Macroscopic symmetry and microscopic universality.
The concepts of macroscopic and microscopic are often borrowed, in an unacknowledged way, from physics, in order to think about the fundamentals of turbulence. By that, I mean that there is usually no explicit acknowledgement, nor indeed apparent realization, that the ratio of large scales to small scales is many orders of magnitude smaller in turbulence (which is at all scales actually a macroscopic phenomenon) than it is in microscopic physics.

This idea began with Kolmogorov in 1941, when he employed Richardson’s concept of a cascade of energy from large eddies to small; to argue that, after a sufficiently large number of steps, there could be a range of eddy sizes which were statistically independent of their large-scale progenitors. In passing, it should be noted that the concept of ‘eddy’ can be left rather intuitive, and we could talk equally vaguely about ‘scales’. However, combining the cascade idea with Taylor’s earlier introduction of Fourier modes as the degrees of freedom of a turbulent system, leads to a much more satisfactory analogy with statistical physics, with the onset of scale invariance strengthening the analogy to the microscopic theory of critical phenomena. As is well known, that leads to the `5/3’ spectrum, which was expected to be universal.

My own view is that it would be good to get it settled that the Kolmogorov spectrum holds for isotropic turbulence. There is still an absence of consensus about that. But the broader claim of universality has been supported by measurements of spectra in a vast variety of flow configurations; although, inevitably there have been instances where it is not supported. So we end up with yet another unresolved issue in turbulence. Is small-scale turbulence universal or not?

In order to consider whether or not the concept of symmetry could assist with this, it may be helpful to think in terms of definite examples. First, let us consider laminar flow in the x_1 direction between fixed parallel plates situated at x_2=\pm a. The velocity distribution between the plates will be a symmetric function of the variable x_2. If now we consider a flow where one plate is moving with respect to the other, and this is the only cause of fluid motion, then we have plane Couette flow and, as is well known, the velocity profile will now be an antisymmetric function of x_2. However, the molecular viscosity of the fluid will be unaffected by the different macroscopic symmetries and will be the same in both cases.

If we now extend this discussion to the case of turbulent mean velocities and inquire about the behaviour of the effective turbulent viscosity (\nu_t, say: for a definition see Section 1.5 of reference [1]), it is clear that this will be very different in the two cases, and arguably that should apply to the cascade process as well.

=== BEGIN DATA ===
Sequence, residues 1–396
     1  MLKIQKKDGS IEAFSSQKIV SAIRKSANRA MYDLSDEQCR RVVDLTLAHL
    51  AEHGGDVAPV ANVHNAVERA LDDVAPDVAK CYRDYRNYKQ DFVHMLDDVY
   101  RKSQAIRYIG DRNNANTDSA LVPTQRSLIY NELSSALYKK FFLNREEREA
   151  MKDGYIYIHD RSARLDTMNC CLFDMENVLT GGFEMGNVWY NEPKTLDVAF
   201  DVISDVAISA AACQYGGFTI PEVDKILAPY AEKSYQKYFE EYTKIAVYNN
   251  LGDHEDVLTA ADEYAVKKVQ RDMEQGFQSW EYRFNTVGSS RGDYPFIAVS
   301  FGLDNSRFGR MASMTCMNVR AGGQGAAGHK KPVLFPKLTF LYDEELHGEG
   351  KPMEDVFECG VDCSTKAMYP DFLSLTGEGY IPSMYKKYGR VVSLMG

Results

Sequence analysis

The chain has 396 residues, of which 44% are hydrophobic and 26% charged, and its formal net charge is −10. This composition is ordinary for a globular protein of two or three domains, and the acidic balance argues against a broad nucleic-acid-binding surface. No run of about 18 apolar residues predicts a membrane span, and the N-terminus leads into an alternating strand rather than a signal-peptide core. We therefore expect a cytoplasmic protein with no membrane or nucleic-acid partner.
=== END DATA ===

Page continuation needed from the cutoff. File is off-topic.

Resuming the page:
In isotropic turbulence, the cascade is described by the Lin equation, with the key quantity being the transfer spectrum T(k). Its extension to an inhomogeneous case will bring in a number of transfer spectra, such as T_{11}, T_{12} and so on. In order to cope with the dependence on spatial coordinates, the introduction of centroid and relative coordinates that we used in the previous post will prove useful. Recall that we considered a covariance function C(\mathbf{x},\mathbf{x'}), leaving the time variables out for simplicity and introduced the change of variables to centroid and relative coordinates, thus:

    \[\mathbf{R} = (\mathbf{x} + \mathbf{x'})/2 \qquad \mbox{and} \qquad \mathbf{r} = (\mathbf{x} - \mathbf{x'}). \]

In this case one component of the spectral tensor could be written as: T_{11}(\mathbf{k}, R_2), where we have Fourier transformed with respect to the relative coordinate only. Then, at least in the core region of the flow, we could expand out the dependence on the centroid coordinate in Taylor series. In this way we could separate the wavenumber cascade from spatial effects, such as production and spatial energy transfer.

Ideally one could even use a closure theory: the covariance equation of the DIA has been validated by the LET theory [2] and, although some work has been done on this in the past, a really serious approach would require a lot of bright young people to get involved. Unfortunately, vast numbers of bright young people all over the world are involved in complicated pedagogical exercises in cosmology, particle theory, string theory, quantum gravity and so on, most of which has gone beyond any proper theoretical foundation. Ah well, important but less glamorous problems like turbulence must await their turn.

For completeness, I should emphasise that all flows discussed above are assumed to be incompressible and well-developed.

[1] W. D. McComb. The Physics of Fluid Turbulence. Oxford University Press, 1990.
[2] W. D. McComb and S. R. Yoffe. A formal derivation of the local energy transfer (LET) theory of homogeneous turbulence. J. Phys. A: Math. Theor. 50:375501, 2017.

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